Head coach Scott Stover has been a bit more forgiving because he takes into consideration all that Meadows has done for the Falcons this season. The Falcons are 8-10 in the Bay Valley Conference and 14-21 overall with three games remaining. Stover would rather not think of how the Falcons would have fared without Meadows.

“We have guys who work hard and they can’t do what Miles does,” said Stover, who has to be counting his baseball blessings . “He’s a leader, he’s so positive and he’s our biggest cheerleader. It’s always been a team thing for him. He’s not selfish and he gets us going.”

There is much more to Meadows than his talent and spirit. Stover missed the April 11 game at Los Medanos when he was hospitalized with an illness. Only one player contacted Stover after the game to check on the coach’s condition. Do you want to guess who it was?

The call came from a young man who had his heart set on playing football as he did at Rodriguez until realizing he could not afford to commute to junior colleges in Sacramento and the Bay Area. And there were a number of junior colleges that were interested in Meadows’ services after he was the starting quarterback for two years at Rodriguez.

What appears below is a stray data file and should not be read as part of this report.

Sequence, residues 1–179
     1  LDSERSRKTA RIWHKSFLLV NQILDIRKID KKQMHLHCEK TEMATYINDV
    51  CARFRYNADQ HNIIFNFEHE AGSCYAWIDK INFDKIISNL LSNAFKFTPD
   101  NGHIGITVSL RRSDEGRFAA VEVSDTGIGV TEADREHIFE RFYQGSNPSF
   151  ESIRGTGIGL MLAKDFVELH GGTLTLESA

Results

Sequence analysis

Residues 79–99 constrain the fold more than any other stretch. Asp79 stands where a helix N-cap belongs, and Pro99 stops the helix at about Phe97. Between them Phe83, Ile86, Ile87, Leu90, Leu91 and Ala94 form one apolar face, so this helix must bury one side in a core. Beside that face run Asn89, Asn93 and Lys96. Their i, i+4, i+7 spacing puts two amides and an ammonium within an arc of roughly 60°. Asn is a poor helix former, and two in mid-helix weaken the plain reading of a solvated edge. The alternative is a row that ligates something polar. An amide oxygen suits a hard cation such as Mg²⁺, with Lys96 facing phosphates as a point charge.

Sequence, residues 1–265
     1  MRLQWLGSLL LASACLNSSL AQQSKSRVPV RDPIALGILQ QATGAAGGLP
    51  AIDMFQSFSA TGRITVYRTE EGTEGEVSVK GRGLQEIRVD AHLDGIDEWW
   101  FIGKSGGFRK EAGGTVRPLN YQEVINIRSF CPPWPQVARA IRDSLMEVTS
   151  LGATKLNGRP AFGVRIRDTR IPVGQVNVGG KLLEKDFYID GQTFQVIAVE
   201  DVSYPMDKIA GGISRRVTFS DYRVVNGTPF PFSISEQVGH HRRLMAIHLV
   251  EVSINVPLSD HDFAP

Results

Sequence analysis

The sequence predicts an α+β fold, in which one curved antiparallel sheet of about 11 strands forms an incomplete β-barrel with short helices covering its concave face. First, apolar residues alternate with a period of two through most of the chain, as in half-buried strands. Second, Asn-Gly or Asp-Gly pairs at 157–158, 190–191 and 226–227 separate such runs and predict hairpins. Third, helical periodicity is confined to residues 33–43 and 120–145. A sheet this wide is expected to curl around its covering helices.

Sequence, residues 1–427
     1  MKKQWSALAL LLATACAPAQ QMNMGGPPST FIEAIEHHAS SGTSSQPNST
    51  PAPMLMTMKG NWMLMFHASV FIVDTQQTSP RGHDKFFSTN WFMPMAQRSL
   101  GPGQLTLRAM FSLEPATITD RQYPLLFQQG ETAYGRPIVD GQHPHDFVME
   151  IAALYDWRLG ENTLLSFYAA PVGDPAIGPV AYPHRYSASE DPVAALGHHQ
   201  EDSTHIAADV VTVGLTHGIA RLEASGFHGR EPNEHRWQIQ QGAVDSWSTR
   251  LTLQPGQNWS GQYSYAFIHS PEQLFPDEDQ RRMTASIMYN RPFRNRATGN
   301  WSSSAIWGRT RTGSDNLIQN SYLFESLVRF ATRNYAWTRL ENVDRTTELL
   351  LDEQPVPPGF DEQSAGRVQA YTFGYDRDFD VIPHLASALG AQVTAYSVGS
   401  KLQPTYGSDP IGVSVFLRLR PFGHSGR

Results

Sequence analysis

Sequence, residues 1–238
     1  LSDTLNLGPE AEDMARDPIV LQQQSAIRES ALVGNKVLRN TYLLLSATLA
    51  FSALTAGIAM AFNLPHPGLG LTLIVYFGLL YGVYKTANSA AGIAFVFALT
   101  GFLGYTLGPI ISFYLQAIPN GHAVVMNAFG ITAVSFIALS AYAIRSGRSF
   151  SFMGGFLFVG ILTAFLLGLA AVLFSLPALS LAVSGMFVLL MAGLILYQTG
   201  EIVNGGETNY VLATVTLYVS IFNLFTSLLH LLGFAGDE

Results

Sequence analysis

Stover is already looking forward to have Meadows return in 2024 and believes Meadows will have every opportunity to play baseball beyond Solano. “I’ve never talked to him about playing football,” Stover quipped, “because I don’t want to put it in his head.”

Meadows will not be going anywhere anytime soon. Playing at Solano has allowed his grandfather, Allan Brown, to attend games. Brown had a hand in raising his grandson, Meadows said, and continues to play a prominent role in Meadows’ life.

“I was not always the best kid. When I got in trouble, he always set me straight,” Meadows said. “I never want to disappoint him.” There is little chance of that ever happening because Meadows is driven to make the most of every opportunity to come his way.

His teammates would welcome Meadows even if he was not a starter and at the top of the Falcons’ batting order. They have come to count on the freshman to provide leadership and be the spark that ignites the team. “Some guys just have it,” said second baseman Victor Vega, who is the team captain. “The guys want to be around him.”

It took more than talent for Meadows to earn the respect of teammates who could have been envious of his emergence. They could have turn a deaf ear whenever Meadows stepped forward to address the team. They could have teased him after overhearing Meadows’ phone conversation with his girlfriend during which she called him “Pookie.”

To be honest, they do tease him. Meadows does not mind the ribbings because they are underlined with respect. “They see the work I put in. They respect the way I carry myself,” Meadows said. “When I say something, they know it’s coming from a good place.”

Meadows is in a good place. “I love these guys,” he said. “This is a perfect fit.”